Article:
Portfolio’s Radical BJ

For those Bourbon St. bound this month, pages 12-14 offer a wrap of some of the new projects Canadian companies will be shopping at NATPE in New Orleans Jan. 25 to 28.

Versions of these stories also appear in the Winter 1999 issue Playback International.

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The working title of Portfolio Entertainment’s new animated series is BJ and the Radical Rumblebutts, a spin-off from the Barney & Friends series.

BJ and the Radical Rumblebutts will be produced in Canada on a budget of $400,000 per half-hour. The Canadian broadcaster is ytv and a u.s. broadcaster is being negotiated.

Portfolio is seeking foreign presales and international distribution to finance the series at natpe. The show will be delivered in 2000.

The origins of Portfolio’s latest project begins with the international success and acclaim earned by its previous preschool series Groundling Marsh, which aired on ytv in Canada for five years. To date, it has sold to over 95 countries around the world, including pbs in the u.s., Disney Channel in the u.k. A total of 56 half-hours of the puppet show have been produced.

This caught the attention of Dallas-based Lyrick Studios, the producers of North America’s number one rated preschool show, Barney & Friends. The company was looking to acquire additional properties for home video sales and merchandising and approached Toronto-based Portfolio about the Groundling Marsh series.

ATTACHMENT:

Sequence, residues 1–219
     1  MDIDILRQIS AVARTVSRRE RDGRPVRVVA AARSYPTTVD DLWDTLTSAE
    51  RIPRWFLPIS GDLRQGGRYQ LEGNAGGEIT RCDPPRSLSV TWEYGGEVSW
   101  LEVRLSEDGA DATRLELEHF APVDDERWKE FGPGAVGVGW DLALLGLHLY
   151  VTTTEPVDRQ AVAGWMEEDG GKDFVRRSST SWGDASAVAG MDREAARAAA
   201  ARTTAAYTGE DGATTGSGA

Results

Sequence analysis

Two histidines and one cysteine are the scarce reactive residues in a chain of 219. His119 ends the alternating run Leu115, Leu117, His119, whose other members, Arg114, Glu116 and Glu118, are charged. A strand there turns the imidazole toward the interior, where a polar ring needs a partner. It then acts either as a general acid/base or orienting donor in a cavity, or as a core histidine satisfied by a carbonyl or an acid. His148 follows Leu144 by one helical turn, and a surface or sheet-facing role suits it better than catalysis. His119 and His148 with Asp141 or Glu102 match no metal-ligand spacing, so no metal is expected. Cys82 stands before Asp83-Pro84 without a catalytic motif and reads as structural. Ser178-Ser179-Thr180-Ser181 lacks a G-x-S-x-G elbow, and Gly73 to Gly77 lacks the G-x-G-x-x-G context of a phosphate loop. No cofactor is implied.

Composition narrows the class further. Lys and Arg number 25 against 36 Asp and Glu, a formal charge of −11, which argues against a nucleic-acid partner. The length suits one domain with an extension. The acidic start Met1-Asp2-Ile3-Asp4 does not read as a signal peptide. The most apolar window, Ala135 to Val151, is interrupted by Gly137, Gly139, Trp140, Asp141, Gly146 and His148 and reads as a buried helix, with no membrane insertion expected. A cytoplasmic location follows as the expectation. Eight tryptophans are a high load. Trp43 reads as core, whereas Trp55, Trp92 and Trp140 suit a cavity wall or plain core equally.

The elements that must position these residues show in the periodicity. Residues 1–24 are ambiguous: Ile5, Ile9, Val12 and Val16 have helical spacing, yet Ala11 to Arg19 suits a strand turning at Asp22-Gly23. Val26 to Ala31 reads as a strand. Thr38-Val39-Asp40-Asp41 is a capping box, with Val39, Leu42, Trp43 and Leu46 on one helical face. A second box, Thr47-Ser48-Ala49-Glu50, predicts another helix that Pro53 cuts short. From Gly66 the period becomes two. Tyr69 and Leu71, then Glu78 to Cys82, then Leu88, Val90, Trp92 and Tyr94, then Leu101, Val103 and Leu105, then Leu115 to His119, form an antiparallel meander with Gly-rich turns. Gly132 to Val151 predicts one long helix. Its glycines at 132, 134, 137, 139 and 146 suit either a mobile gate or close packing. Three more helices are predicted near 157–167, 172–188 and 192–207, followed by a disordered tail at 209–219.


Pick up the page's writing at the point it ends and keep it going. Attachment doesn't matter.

Lyrick had identified the opportunity to create a Barney spin-off show centering on the rambunctious yellow dinosaur bj. ceo Tim Clott decided Portfolio was the producer best suited to the task and the Toronto company jumped at the opportunity.

Portfolio optioned all the rights to the character, developing the series with Barney creator Sheryl Leach as a consultant and Lyrick involved in the creative. Lyrick will handle merchandising and licensing opportunities on the new series, says Olfman.

As to why Lyrick chose to sell the rights as opposed to produce the series themselves, Olfman says ‘Lyrick was looking for fresh creative. They had been so involved with Barney they felt it would be difficult to distance themselves from that series.’

Test marketing has shown that boys lose interest in Barney & Friends by the age of four, says Olfman, but bj, one of the least-known Barney characters, appears to have a strong following among young boys.

‘We saw the opportunity to give this character a history and new premise, age him up to target four- to eight-year-olds. bj would be hipper,’ Olfman adds.